It’s summer and time that many of us start thinking about picking up a good book for a Saturdays at the pool or to dive into over vacations. If this is you, here are 4 thought-provoking non-fiction picks I would add to your list . . . books that might make you think about racism, sexual violence, disabilities or fundamentalism differently.
Pre-order now. Will be released on August 2nd. Ruth is a friend of mine from the RevWriting group I participated in from 2012-2015. During that time, I watched Ruth develop, write, and re-write this memoir about her experience of being sexually assaulted while a student at Calvin College and all that came next.
In Ruined, Ruth does not shy away from the hard places of theological shaming, rape, grief and messy vocational callings. From the first chapters I read of this project, I knew Ruth was the real deal. Her command and fluidity of language drew me into her story from the start. Her courage to share her story with such vulnerability pushed me to tell my own. Her willingness to explore theological hard places keep me thinking long after I put her book down. Ruth’s story is a one that the church needs because it doesn’t shy away from the hard places of life. She tells the truth!
Our world needs more angels like Bryan Stevenson and more stories like this one! I literally could not put it down when I started reading it back in April. It was one of those reads where I felt convicted on every page on how much I didn’t know that I thought I did about our prison/ justice system in America.
In Just Mercy, we gain a front row of Bryan Stevenson’s journey from 23-year-old Harvard Law student encountering prejudge in the criminal system for the first time in the deep south to founder of the Equal Justice Initiative based in Alabama with far reach. This author writes with such clarity and trustworthiness as a narrator that you are just hanging on every word to see what comes of his vast collection of clients. Of special interest is the case of Walter McMillian, a convicted murder on death row– who we learn is innocent. But the question is will he be released from prison? Though I’ve heard stories like this for years by colleagues in prison ministry, Just Mercy did something to me. With a softened heart to the cause, I’m ready to act.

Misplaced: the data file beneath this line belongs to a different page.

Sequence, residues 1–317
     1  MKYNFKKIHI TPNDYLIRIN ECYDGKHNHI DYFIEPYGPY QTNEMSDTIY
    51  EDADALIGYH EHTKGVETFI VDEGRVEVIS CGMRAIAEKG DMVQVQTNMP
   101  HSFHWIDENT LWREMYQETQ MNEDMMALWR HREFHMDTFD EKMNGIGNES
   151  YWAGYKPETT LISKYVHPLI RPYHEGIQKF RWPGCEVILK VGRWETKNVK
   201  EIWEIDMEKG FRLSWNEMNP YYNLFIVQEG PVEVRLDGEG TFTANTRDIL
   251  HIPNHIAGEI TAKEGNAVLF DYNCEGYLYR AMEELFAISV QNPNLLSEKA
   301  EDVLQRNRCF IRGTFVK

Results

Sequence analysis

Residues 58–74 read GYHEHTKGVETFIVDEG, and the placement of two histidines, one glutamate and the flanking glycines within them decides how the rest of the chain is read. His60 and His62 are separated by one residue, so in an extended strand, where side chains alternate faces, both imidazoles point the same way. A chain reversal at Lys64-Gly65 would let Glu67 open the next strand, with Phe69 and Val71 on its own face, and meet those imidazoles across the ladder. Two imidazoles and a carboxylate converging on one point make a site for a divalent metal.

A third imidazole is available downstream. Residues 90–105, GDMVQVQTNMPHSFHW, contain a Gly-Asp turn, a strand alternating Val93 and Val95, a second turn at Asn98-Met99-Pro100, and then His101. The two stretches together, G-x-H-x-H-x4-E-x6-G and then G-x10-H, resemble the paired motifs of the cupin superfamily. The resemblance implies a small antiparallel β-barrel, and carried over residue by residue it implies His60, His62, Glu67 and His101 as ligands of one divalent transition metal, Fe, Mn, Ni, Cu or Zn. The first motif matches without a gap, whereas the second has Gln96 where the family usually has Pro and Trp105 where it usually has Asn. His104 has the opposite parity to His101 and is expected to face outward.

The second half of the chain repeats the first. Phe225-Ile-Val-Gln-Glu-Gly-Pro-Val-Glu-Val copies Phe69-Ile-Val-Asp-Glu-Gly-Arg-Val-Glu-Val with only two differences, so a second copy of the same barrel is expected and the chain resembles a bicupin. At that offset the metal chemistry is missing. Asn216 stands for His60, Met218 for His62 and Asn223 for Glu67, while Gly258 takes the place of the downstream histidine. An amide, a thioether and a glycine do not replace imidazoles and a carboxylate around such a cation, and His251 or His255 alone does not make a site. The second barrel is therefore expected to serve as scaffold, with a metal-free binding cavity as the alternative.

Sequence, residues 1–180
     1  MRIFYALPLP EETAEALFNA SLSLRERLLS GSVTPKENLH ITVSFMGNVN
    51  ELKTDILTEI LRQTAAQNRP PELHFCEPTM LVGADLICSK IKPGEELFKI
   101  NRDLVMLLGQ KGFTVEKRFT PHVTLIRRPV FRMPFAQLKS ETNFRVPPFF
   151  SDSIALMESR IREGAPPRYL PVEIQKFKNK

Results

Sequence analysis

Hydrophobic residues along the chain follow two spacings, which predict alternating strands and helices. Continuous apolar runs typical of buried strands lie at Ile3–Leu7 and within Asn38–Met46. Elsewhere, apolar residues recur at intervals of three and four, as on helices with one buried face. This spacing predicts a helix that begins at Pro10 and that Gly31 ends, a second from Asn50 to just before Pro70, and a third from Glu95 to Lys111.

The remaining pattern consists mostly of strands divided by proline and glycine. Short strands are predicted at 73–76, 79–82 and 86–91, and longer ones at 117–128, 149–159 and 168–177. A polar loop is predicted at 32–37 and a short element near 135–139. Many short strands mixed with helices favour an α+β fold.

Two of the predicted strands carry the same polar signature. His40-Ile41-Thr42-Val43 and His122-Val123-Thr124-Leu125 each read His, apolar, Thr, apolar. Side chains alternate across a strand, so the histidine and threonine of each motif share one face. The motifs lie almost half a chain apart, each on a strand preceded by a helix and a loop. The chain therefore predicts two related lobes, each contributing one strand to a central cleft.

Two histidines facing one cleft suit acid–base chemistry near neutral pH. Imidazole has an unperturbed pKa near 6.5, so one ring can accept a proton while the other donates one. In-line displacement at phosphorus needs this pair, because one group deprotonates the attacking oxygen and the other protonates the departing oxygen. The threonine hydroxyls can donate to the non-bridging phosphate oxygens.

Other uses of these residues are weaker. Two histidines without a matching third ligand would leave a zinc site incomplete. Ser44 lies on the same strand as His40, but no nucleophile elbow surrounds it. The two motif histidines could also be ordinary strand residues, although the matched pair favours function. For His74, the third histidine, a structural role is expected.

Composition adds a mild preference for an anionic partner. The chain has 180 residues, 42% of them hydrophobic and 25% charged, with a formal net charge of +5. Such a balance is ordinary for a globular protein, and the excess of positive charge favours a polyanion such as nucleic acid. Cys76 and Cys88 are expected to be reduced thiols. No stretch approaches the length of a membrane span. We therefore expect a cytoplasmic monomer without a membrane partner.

Growing up in a sheltered Christian home, I thought my type of Christians were the only weird ones. But, it isn’t true, of course. Fundamentalists are found in every religious tradition. A friend recently introduced me to this memoir of Deborah Feldman saying Unorthodox “is like Jewish version of your life.”
I was delightfully surprised at what an all-encompassing view Unorthodox gave of what it is really like to grow up as a Hasidic Jew in New York City. We follow her from the days of her bewildering childhood, being raised by her grandparents as a child of a mother who ran away and a father without the mental capacity for child rearing. As much as this author tries to fit in and be a “good girl,” one her (especially religious grandfather will approve of) slowly we see her transformation. We see the joy that comes to her from sneaking library books under her mattress. We see the joy that comes as she thinks independently. We see the joy that comes as she makes friends in high school who are also experimenting with the outside world like her. It’s quite a journey, this book.
This book might be harder to find in print (written in the 1980s) but it’s worth the search if you can find it! The vivid language and emotionally driven plot captivates the heart about of a family’s struggle to make peace with the son given to them– a gift they would have not chosen. This memoir plays out in a quiet Midwestern town through the voice of Fern, the mom, and describes for readers the ups and downs of what it means to birth, raise and make decisions for the care of a severely mentally and physically challenged child. Questions of “When it is it time to institutionalize?” Or “How does a marriage survive such kind of care for another?” Or even “How do you parent a ‘normal’ child while taking care of such a ‘abnormal’ one too?” are raised in ways that the reader does not often expect. I was challenged to reconsider how I think about and care for parents and teachers I know who are caring for special needs children.
What are you reading this summer?